Four years after its debut, special-ops Rico Rodriguez is back with another just cause. Set in the fictional island of Panau in South East Asia, JC2 is filled with tropical forests, snow-capped mountains, and villages with huts full of civilians that have fallen victim to an evil dictator, Baby Panay. Rico's plan is simple, to cause as much chaos as possible to destabilize this regime and take down its leader.
The story starts with a bang, hurling you into the overwhelmingly large island and some great plot driven missions back-to-back. The first couple of hours are spent on mastering the weapons system and grappling hook, parachuting and stunts. To proceed with the story after this, you must complete far too many filler missions like capturing military bases, races, and escorting VIP's from point A to point B.
Rinse. Wash. Repeat.
To say that I have something against sandbox gameplay would be an absolute fabrication. GTA4 was the first game to receive a perfect ten on this site, and I was lucky enough to bask in its glory right down to the last flying rat. I've embraced this style of gameplay as one of my favorites so it doesn't take much to keep my attention at a high level throughout the course of a game. Collect some stuff here, blow up some stuff over there, and introduce some new stuff in between. Just Cause 2 is great in all facets except one, it plateaus on originality after a couple of hours, making it quite the chore by the time your nearing the credit roll.
If franchise video games have taught us one thing, it is to spread out your features along the course of the story line. Introduce new weaponry along the way, unlock new abilities, or introduce a new main character that impacts the story with force to keep things interesting. Don't drag one concept along, and definitely don't add too many repetitive filler missions.
The grappling hook in Just Cause 2 is fresh, exciting, and natural. It's one of those "Why didn't someone think of this before" kind of situations. It's a staple weapon of JC2 and introduced right from the get-go. Use it to scale tall buildings, to pull Rico out of dangerous situations (usually in combination with the magic parachute), to yank enemies over the edge of a cliff, or for attaching a helicopter to a tree just for poops and giggles. It's a unique and incredible innovation, but it can't carry an entire game.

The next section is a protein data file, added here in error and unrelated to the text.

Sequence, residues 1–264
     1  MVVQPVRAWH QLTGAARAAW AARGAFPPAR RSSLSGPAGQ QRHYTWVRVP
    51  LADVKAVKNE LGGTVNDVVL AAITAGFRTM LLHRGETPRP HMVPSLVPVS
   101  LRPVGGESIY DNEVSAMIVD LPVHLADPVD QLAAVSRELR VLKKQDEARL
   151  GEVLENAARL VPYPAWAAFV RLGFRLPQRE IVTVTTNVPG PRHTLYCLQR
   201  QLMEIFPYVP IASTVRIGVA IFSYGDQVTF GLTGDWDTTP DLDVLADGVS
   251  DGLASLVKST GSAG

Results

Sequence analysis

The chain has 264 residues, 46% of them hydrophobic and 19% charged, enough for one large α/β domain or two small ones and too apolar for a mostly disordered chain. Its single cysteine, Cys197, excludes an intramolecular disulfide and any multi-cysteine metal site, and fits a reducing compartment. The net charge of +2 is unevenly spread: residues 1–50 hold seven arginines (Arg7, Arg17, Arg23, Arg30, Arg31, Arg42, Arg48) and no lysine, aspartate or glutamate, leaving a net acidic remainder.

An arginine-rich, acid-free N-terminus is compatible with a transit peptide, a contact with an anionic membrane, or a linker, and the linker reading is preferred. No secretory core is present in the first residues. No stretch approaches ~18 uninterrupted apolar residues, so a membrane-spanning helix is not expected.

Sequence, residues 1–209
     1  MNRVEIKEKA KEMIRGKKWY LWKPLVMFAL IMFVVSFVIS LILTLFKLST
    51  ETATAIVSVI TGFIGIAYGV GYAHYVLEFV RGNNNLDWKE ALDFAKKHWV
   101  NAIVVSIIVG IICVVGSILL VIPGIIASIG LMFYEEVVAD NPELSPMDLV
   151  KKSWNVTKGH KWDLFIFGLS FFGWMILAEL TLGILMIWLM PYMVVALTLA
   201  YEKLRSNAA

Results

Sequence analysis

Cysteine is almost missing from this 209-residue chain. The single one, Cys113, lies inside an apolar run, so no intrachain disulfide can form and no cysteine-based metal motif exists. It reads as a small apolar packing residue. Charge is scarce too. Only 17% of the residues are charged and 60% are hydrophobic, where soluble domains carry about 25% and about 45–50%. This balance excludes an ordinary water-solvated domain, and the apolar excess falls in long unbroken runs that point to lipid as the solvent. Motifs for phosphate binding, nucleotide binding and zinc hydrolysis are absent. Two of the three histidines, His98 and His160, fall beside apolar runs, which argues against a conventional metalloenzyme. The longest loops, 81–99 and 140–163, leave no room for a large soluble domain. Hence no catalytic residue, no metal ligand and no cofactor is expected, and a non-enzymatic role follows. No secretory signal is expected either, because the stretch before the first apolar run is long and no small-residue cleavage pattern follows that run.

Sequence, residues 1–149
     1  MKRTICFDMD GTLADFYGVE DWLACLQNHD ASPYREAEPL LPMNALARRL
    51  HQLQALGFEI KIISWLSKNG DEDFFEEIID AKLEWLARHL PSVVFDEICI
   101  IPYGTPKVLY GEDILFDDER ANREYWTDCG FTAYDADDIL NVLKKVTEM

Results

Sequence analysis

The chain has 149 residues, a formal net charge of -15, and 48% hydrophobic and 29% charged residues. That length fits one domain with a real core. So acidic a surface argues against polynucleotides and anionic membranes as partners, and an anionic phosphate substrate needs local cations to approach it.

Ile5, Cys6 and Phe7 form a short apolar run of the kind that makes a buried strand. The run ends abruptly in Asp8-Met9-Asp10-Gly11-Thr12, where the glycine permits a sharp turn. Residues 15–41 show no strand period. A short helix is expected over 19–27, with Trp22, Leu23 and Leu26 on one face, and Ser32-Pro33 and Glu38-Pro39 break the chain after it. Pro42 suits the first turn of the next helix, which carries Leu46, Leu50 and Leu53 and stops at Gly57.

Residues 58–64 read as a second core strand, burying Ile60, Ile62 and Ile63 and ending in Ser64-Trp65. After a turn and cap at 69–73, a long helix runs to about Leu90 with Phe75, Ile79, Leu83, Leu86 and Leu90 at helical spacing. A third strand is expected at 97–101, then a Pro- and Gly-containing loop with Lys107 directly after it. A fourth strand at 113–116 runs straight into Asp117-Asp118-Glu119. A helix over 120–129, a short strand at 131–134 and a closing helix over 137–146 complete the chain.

Adding a massive and exotic world to explore, introducing competing gangs to create a dynamic story line, and throwing in lots of easy to control but great looking stunts rolls up the complete package.
JC2's story is mediocre and mostly forgettable, but enjoyable none-the-less. Much like great action movies, JC2 contains just enough dialogue to bridge to the next intense bit of action. Panau is definitely jaw-dropping… until you have to sit in a plane for several minutes to arrive at your intended destination. Although once you've stumbled across a military helicopter, being annoyed at the long trip begins to fade away with each crumbling building.
For the adventurers, JC2 boasts collectibles galore. Boxes of parts for weapon upgrades and useless vehicle upgrades are strewn all over the island. There are almost limitless options for travel by land, sea, and air and that definitely helps keep things fresh.
Exploring the environment and causing mass chaos is engaging for a while, but those who just want to get on with the campaign will have to go through mission after mission for Panau's three gangs. Just when it seems as though the credits are about to roll, dozens of icons will begin appear on the map and your chaos meter will need filling once again. By campaign's end, I was about twenty hours deep, but things had gone dry in just over half that time.
The grapple-hook and infinite parachute combo is a winning formula and allows for great strategic maneuverability— it's upsetting to see it somewhat wasted on such stretched out gameplay. If it weren't for the bloated playtime and weak set of characters, JC2 would have reached its full potential and become a true franchise title.